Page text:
The Necessity of Nietzsche: An Apocalyptic Philosophy for an Apocalyptic Theology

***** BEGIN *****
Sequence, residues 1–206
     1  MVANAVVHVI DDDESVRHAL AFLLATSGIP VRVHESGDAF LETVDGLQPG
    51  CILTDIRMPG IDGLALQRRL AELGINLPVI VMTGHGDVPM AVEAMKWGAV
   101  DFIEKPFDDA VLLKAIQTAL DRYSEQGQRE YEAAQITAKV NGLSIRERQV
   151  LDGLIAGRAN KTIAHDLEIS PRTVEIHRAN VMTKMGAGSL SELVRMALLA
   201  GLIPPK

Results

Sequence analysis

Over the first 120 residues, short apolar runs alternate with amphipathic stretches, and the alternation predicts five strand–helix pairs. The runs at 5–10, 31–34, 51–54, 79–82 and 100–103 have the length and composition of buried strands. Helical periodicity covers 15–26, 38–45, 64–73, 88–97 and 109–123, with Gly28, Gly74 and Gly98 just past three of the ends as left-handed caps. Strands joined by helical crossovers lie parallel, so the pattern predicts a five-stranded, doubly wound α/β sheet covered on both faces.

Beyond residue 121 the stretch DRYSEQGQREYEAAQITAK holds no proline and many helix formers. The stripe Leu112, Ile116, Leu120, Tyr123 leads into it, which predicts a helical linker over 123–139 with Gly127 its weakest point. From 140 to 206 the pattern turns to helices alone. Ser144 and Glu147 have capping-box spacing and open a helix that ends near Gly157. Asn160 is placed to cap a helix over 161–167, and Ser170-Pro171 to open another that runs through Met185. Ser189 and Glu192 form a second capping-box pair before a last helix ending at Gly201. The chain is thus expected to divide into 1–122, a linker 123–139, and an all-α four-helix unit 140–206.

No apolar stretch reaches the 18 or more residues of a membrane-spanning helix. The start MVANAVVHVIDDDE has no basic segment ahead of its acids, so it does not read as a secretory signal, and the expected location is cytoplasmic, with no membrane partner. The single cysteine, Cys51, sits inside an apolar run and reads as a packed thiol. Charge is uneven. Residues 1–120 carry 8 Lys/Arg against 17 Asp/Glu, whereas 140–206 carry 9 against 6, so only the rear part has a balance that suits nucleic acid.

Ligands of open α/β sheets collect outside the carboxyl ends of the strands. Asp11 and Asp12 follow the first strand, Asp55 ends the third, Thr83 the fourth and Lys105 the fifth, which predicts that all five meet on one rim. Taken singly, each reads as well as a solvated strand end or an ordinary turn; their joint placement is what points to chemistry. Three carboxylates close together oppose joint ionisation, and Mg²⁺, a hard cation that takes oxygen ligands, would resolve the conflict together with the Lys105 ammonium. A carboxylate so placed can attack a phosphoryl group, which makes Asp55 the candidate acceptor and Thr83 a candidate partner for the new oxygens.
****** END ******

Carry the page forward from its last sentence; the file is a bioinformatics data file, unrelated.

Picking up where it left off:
One’s philosophical orientation and preferences are reflected in their theology and vice versa but it may be that a particular theology inevitably requires or depends upon its philosophical expression, apart from which the theology would not exist. Whether one is Platonic or Aristotelian (in Nietzschean terms they are both fallen post-Socratics) may make a slight theological difference but the presumption is that “ordinary avenues of philosophic reason” are adequate for Augustinian, Thomistic, or certain Protestant theological leanings. One may need to tweak his Plato or Aristotle but the presumption is that the philosophy and theology are more or less interconnected if not exactly interchangeable. There is no questioning of reason, language, or human psychology, at least not enough to bring the enterprise to a halt. Thus, the Augustinian shift is guided by Neo-Platonism (Augustine equates Plato to Moses) in the same way Thomism is Aristotelian (for Thomas, Aristotle is “the philosopher”). Anselm of Canterbury, in both his philosophic arguments and his atonement theory, is the proper father of scholasticism in his pure distillation of a theology guided by Platonic philosophy. Modern philosophy and theology, in its Cartesian presumptions, will follow a predictable, interlocked pattern (Platonic and Anselmian). So too, Nominalism might as well name both a theology and philosophy as the theology is determined by the philosophy.